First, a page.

Were any Buddhist narratives ever folded into the myths of the Greeks, or vice versa?

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The cultural exchange between the Greeks (under Alexander, at first) and the Buddhists of northwestern India is known to have had impacts on both parties. I'm aware of some theological influences, at least, in that some features of Mahayana (e.g. the existence of an elaborate pantheon) are thought to have been influenced by features of the ancient Greek religion.

On a mythological level, though, I am unaware of any cases where a Greek narrative was altered to incorporate some mythological feature borrowed from the Buddhists, or vice versa. Were there any such cases?

senshin

Posted 2015-04-28T16:51:59.180

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Answers

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It certainly seems that the Greek invasion of India led to the introduction of the first statues of the Buddha. The Greeks loved to make statues of their deities, but the early Buddhists did not. See this answer on Buddhism Stack Exchange: Did the Buddha discourage antropomorphic representations of himself?

Alexander himself certainly seemed interested in participating in all the local religions around which he was encountering:

Alexander was unusually open to foreign religious influences and over the course of his lifetime he embraced many non-Greek deities and practices, sacrificing to the Egyptian gods while in Egypt and rebuilding the temple of the god Bel in Babylon.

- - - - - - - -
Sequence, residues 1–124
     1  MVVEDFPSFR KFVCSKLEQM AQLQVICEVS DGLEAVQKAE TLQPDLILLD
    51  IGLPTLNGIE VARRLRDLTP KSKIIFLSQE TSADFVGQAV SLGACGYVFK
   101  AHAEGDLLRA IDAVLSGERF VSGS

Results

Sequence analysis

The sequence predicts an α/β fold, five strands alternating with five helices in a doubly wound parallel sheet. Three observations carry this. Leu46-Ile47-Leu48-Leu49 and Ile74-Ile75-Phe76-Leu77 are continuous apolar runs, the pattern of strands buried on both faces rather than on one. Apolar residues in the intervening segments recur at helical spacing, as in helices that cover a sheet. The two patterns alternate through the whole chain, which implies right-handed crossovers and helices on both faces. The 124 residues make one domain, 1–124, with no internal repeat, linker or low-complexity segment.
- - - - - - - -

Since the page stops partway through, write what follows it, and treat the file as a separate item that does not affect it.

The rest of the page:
Ultimately, it seems that the two cultures recognized the existence of the other as separate religions. There was enough cultural self awareness in this period in this part of the world for people to identify themselves as members of a particular religion, and ultimately to convert to another, such as the case of Greek King Meander I, who converted to Buddhism in the second century BCE. There is a Buddhist text, the Milinda Panha, which is philosophical discussions between King Meander and a Buddhist monk Nagasena.

So, ultimately, because of the self identification as distinct religions / traditions, there appears to be little narrative crossover in this period, as much as there were cultural crossover recognized in things like currency (see the Meander article again), art, and morality, e.g.:

In order to propagate rules based on morality, equality and righteousness (Pāli dhamma; Skt. dharma), he employed several official languages and scripts derived from Aramaic, namely Brāhmī and Kharoṣṭhī, and also used Greek and Aramaic in public inscriptions carved on polished rock or stone. His pragmatism was likely to have been inspired by the Buddhists who propagated their teachings in the languages spoken in different regions. In what may have been the earliest of these inscriptions issued in 258 B.C.E. Aśoka declares himself to have been a lay Buddhist disciple for more than two and a half years, and by the eighth year of his reign he publicly expresses remorse for the massacre in Kaliṇga and denounces the taking of lives.

durron597

Posted 2015-04-28T16:51:59.180

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